City Hall

Activists Wanted a Smaller Police Budget. Now, City Council Has Restored Cut Overtime Funds.

A little over $565 million is allocated for the Dallas Police Department in the new budget.
A little over $565 million is allocated for the Dallas Police Department in the new budget. Michael Förtsch on Unsplash
Last summer, Dallas demonstrators and activists flooded the streets after George Floyd's murder in Minneapolis. They chanted, rallied and called for police reform. Many lawmakers and public representatives around Texas echoed their demands.

But when Dallas approved its largest-ever budget last week, bolstered this year by federal money, it restored funds that City Council had removed from the Dallas Police Department's overtime budget last fall. Overall, the $4.35 billion budget comes in at $500 million more than the previous year. 

The $7 million overtime budget cut to DPD was the closest Dallas got to “defunding the police.” Meanwhile, other major Texas cities made much bigger cuts to their police department budgets. For example, Austin hacked $21.5 million from its police budget and shifted another $128 million from the department to others in the city.

But Jesuorobo Enobakhare Jr., chair of the Community Police Oversight Board, called DPD’s overtime budget cut “smoke and mirrors.”


“They were going to get that money from City Council one way or another,” Enobakhare Jr. said.

He acknowledged that there wasn’t a lot of passion about police reform this budget cycle, and that's likely because there wasn’t an incident that rocked the world the way Floyd’s death did. “It’s very unfortunate that it takes someone dying for us to really push for reform,” he said.

Before the City Council approved the budget, Sara Mokuria, co-founder of Mothers Against Police Brutality, told the meeting, “I’m here this morning because we do not need more police officers or more money to police officers. We need more resources in our community.”

She called police officers violence workers. “Their intervention to violence is more violence,” Mokuria said. “This budget is an investment in violence. DPD has consistently [proven overtime] to be an ineffective intervention in creating a safe public. More money into an unaccountable police force will cause more violence.”

Most of the council saw things differently, approving the budget with a 13-2 vote. Cara Mendelsohn and Gay Donnell Willis voted against the budget. Mendelsohn said it didn’t include a big enough decrease in property tax rates. The tax rate decreased by 0.3 cents to 77.33 cents per $100 valuation.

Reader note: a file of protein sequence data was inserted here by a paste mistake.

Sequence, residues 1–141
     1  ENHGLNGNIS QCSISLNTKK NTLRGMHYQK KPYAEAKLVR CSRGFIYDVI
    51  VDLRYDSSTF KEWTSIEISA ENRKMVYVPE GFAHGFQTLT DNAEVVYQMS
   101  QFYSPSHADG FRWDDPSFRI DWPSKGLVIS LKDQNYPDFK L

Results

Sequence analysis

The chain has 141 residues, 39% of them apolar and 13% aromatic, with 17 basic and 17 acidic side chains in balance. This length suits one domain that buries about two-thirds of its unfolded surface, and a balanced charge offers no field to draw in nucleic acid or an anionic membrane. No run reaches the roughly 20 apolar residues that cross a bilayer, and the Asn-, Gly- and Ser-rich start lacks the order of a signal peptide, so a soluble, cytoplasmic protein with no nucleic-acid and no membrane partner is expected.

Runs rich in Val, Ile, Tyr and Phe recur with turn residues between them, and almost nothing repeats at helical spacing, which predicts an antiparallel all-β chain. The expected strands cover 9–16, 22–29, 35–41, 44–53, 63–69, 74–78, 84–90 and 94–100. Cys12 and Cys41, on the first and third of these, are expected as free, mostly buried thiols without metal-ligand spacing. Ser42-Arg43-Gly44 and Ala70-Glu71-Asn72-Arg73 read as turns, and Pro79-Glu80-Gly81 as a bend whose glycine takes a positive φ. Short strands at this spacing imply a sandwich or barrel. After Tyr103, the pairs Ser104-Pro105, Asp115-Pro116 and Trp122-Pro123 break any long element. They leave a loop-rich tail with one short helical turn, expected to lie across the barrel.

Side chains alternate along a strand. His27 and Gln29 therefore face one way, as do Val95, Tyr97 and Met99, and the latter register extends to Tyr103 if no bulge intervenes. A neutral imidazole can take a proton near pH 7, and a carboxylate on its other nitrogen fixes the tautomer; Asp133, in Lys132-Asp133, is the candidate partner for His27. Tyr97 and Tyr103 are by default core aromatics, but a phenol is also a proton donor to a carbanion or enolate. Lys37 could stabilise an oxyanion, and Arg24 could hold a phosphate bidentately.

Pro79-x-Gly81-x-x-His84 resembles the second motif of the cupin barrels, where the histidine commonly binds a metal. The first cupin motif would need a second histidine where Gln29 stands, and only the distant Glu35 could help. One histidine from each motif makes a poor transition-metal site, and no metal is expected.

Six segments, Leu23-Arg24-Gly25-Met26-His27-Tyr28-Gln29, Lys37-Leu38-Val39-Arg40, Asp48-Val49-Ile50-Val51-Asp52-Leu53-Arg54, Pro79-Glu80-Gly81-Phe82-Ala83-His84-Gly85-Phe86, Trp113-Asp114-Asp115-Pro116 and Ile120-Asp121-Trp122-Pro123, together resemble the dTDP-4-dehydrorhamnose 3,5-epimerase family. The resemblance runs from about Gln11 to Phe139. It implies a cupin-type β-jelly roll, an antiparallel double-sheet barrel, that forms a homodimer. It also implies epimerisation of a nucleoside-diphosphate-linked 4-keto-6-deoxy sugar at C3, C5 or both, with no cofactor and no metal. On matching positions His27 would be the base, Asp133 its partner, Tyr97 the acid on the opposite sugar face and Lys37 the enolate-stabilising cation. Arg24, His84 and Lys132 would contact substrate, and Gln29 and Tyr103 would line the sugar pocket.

But Dallas Mayor Eric Johnson, who voted against last year’s budget, partly because of the DPD overtime cuts, was more than happy this time around.

“This budget is an investment in violence." – Sara Mokuria, Mothers Against Police Brutality

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“Today, we put public safety first,” Johnson said. “I thank my colleagues for supporting my amendment and for backing our efforts to make our city safer. While no budget is perfect, we are providing the resources that our police chief needs to be successful while also supporting community-based initiatives that can help reduce crime and strengthen our neighborhoods.”

Residents and some council members have expressed concern about waste and abuse of DPD’s overtime funds. However, after the city auditor released a preliminary report showing no apparent waste or abuse the funds, Johnson said he planned to get the budget restored. And he did.

Mike Mata, president of the Dallas Police Association, said the "defund the police" rhetoric last summer "really wore down on the psyche of officers.” Restoring overtime funds, Mata said, will increase officer morale because they feel like the city is backing them.

Some of the money will go toward hiring 250 more police officers and buying more equipment like patrol cars and body cameras. In a recent interview, DPD Police Chief Eddie Garcia said the department needs to grow as a whole but the infrastructure required to make that happen doesn’t exist.

“Even if I could snap my fingers and say, ‘Give me 500 officers,’ I can’t handle 500 officers today,” Garcia said. “I can’t train them in the academy, I can’t train them out in the field and I don’t have the supervision once they’re eligible to be a solo duty officer … That’s why we need to grow incrementally.”

The budget will also fund pay raises for police officers and firefighters so Dallas can compete with other cities. Additionally, as the city’s 911 call center continues to struggle with call times, the budget will allow Dallas to hire 62 more people for the center and increase their pay. (While DPD is expected to answer 90% of calls within 10 seconds, a June report to City Council showed that DPD answered only 66% of calls within that time.)

Other items on the budget tackle the digital divide with Wi-Fi to be installed at more than 60 city park buildings, rapid-rehousing to help ease homelessness and water infrastructure problems in the city's underserved areas.

While there wasn’t a huge push for it this budget cycle, Enobakhare Jr. believes change is inevitable. He said, “Reform can and will happen regardless of what the budget says.”
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Jacob Vaughn, a former Brookhaven College journalism student, has written for the Observer since 2018, first as clubs editor. More recently, he's been in the news section as a staff writer covering City Hall, the Dallas Police Department and whatever else editors throw his way.
Contact: Jacob Vaughn